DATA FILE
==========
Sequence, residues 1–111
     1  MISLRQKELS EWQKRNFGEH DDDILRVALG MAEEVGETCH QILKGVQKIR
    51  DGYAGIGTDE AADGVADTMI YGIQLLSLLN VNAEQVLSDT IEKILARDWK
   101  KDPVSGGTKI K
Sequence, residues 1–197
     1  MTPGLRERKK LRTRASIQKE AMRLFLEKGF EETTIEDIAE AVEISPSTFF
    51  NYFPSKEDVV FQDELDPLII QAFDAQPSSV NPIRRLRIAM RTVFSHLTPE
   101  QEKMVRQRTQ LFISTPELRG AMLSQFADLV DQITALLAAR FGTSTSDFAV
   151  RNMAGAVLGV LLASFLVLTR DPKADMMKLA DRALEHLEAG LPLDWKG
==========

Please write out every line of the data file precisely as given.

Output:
Sequence, residues 1–111
     1  MISLRQKELS EWQKRNFGEH DDDILRVALG MAEEVGETCH QILKGVQKIR
    51  DGYAGIGTDE AADGVADTMI YGIQLLSLLN VNAEQVLSDT IEKILARDWK
   101  KDPVSGGTKI K
Sequence, residues 1–197
     1  MTPGLRERKK LRTRASIQKE AMRLFLEKGF EETTIEDIAE AVEISPSTFF
    51  NYFPSKEDVV FQDELDPLII QAFDAQPSSV NPIRRLRIAM RTVFSHLTPE
   101  QEKMVRQRTQ LFISTPELRG AMLSQFADLV DQITALLAAR FGTSTSDFAV
   151  RNMAGAVLGV LLASFLVLTR DPKADMMKLA DRALEHLEAG LPLDWKG